I have also noticed a shift in student engagement. Students in small groups have more confidence and capacity to participate and excel in their reading groups. They are taking “ownership” over the routines and strategies. I see them utilizing the routines such as “spotting the vowels” and using the sound-spelling posters to validate their thought process when practicing the word work. 

How has SIPPS affected or changed your own teaching and learning?

SIPPS has affected my teaching and learning. I have an awareness and clarity regarding the individual strengths and challenges that are unique to each member of my group. This allows me to offer more specialized support and encouragement for the needs of each student.

Teaching reading is a very dynamic and sometimes delicate subject. There are so many specific items that a student must control in order to make reading fluent and master comprehension. 

SIPPS has affected my teaching and learning. I have an awareness and clarity regarding the individual strengths and challenges that are unique to each member of my group. This allows me to offer more specialized support and encouragement for the needs of each student.

What advice or insights would you share with an educator who is new to SIPPS?

My advice to educators who are new to SIPPS would be to establish a reasonable timeline for yourself to explore and engage in the online portal. Collaborative Classroom’s Learning Portal is full of rich resources that will clarify the purpose of SIPPS. The online support also contains archives that include teacher video and animations, blogs, teacher resources, and professional development and implementation support. 

I truly believe that no matter how many years a teacher has been in the classroom, a “growing mind is a knowing mind.” Therefore, take advantage of these helpful resources and invest in your own learning from time to time. When you grow as a teacher and replant these seeds of knowledge in your students, the ultimate reward is watching them bloom.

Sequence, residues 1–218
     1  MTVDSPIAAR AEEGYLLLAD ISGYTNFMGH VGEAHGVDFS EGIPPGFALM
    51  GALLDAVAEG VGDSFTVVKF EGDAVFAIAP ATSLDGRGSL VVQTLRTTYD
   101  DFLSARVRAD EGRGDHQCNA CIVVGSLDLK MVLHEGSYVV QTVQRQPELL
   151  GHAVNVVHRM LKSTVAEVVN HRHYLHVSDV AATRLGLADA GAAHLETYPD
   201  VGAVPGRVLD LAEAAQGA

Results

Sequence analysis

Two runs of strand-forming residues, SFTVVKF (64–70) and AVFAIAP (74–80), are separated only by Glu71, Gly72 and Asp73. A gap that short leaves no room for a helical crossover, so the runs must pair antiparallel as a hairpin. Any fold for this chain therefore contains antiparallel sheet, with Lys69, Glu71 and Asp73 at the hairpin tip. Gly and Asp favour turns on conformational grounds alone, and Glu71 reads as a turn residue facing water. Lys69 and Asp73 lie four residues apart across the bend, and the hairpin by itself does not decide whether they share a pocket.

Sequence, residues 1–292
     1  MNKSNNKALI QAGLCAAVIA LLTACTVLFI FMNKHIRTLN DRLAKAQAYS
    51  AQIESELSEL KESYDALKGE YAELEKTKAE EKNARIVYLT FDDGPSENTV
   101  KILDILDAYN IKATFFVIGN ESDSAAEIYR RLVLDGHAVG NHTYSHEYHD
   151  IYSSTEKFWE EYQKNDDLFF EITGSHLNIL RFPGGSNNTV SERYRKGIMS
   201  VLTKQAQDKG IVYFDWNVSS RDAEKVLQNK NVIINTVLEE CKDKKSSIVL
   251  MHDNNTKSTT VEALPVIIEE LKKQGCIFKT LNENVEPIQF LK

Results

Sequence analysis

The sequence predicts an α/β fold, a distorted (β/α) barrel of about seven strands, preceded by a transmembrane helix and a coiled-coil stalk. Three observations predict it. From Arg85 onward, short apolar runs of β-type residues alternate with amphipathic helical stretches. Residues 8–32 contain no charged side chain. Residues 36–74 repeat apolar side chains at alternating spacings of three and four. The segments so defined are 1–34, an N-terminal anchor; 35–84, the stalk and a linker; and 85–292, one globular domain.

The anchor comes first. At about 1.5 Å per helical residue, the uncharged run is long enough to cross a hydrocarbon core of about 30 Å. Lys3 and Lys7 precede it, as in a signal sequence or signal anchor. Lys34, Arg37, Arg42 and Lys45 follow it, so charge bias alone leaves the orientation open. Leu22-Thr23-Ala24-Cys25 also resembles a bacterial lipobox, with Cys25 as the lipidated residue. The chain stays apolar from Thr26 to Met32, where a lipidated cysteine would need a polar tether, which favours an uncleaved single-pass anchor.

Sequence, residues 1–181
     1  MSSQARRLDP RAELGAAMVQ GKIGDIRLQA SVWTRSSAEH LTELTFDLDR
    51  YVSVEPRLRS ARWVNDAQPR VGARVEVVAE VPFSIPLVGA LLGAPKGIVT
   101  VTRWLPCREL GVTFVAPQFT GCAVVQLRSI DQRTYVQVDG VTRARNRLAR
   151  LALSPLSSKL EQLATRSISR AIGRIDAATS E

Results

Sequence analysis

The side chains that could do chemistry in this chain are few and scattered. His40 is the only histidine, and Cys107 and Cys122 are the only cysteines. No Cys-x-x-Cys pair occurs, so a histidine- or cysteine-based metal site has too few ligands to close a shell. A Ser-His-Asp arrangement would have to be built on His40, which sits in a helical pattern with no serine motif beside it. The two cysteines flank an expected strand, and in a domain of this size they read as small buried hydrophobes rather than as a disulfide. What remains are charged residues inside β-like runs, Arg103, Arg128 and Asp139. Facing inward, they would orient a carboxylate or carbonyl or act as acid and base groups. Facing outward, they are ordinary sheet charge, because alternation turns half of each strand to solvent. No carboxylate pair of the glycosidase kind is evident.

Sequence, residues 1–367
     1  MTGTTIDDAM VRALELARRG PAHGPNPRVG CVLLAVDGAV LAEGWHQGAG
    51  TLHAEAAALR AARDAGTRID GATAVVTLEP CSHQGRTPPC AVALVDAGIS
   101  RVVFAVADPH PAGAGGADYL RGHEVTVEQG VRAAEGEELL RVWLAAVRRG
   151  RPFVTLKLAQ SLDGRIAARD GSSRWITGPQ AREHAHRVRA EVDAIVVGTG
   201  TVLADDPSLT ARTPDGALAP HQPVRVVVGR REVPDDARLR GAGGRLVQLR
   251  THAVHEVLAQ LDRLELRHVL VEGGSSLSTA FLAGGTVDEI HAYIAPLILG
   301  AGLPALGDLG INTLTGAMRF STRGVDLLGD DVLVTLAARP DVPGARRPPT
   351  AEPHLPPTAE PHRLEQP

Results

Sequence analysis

I truly believe that no matter how many years a teacher has been in the classroom, a “growing mind is a knowing mind.” Therefore, take advantage of these helpful resources and invest in your own learning from time to time. When you grow as a teacher and replant these seeds of knowledge in your students, the ultimate reward is watching them bloom.

Furthermore, SIPPS is adaptable to the challenges we face as educators. This year in particular, when we have had to master educating our students in multiple models, such as virtual, remote, brick and mortar, or blended settings, SIPPS has adapted to meet that need. The online support allows teachers to continue explicit instruction by utilizing the SIPPS materials, including the word sets, spelling-sound cards, and book resources. 

You recently participated in a pilot of Collaborative Coach, our new asynchronous, personalized, online coaching platform for teachers of SIPPS. What might you share about that experience?

I have many positive thoughts regarding the Collaborative Coach experience. This process gave me the unique opportunity to examine my personal teaching techniques while utilizing the SIPPS challenge program alongside an expert coach. 

The individualized feedback was very valuable to me and provided me with direction and support. The collaborative coaching was rewarding and allowed me time to collectively meet and work with a larger group of educators from multiple backgrounds and geographical locations. I feel this enriching experience gave me both professional and personal growth. 

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Interested in hearing from other educators who are implementing Collaborative Classroom programs? Read more Educator Spotlights here.